The biblical story of Esther is an imperfect allegory for the Trump family, but as for Ivanka, the comparison isn’t half bad.* Esther is a Jewish woman who conceals her identity when she becomes the bride of a powerful king. It is only when she reveals who she is that she can save the Jewish people from an evil adviser plotting their destruction.
Like Esther, Ivanka might appear to be nothing more than a pretty face until she shows that she’s the savviest person in the room. Like Esther, Ivanka has a familial, almost accidental position of influence with a powerful gentile political figure. And like Esther, Ivanka’s Jewishness is veiled: Something she describes as an important part of her identity and family life—she’s an Orthodox convert, but she rarely agrees to talk about her faith—is essentially invisible to those who don’t know it’s there.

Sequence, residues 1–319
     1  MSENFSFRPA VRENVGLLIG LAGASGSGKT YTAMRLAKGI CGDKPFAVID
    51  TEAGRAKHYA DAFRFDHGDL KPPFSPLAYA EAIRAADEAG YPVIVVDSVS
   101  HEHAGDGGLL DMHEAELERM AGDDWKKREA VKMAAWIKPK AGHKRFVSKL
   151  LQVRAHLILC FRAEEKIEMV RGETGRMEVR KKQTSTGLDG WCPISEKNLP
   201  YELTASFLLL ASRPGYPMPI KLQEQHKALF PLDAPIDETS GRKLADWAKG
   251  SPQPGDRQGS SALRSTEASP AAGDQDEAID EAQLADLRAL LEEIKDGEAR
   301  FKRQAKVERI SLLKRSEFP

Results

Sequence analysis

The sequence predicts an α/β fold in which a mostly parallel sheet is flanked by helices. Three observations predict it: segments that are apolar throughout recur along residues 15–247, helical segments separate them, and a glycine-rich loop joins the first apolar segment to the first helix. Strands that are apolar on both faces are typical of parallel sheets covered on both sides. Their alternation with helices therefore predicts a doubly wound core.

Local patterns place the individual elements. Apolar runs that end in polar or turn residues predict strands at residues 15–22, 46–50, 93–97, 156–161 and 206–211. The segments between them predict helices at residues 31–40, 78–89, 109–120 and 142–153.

Now, as Ivanka steps more into her public role as the daughter of a potential U.S. president, she faces the same dilemma as Esther: figuring out whether and what obligation she has to be a champion of her people—especially when it’s not clear what her people might want from her.
Unlike a neat tale of biblical-style good and evil, the roles in the Trump campaign are scrambled. Far from being a unified bloc, American Jews might have conflicting opinions about the greatest threat to their country in 2016, whether they’re more concerned about terrorism and the future of Israel or the intolerance for minority groups that has come out on the campaign trail.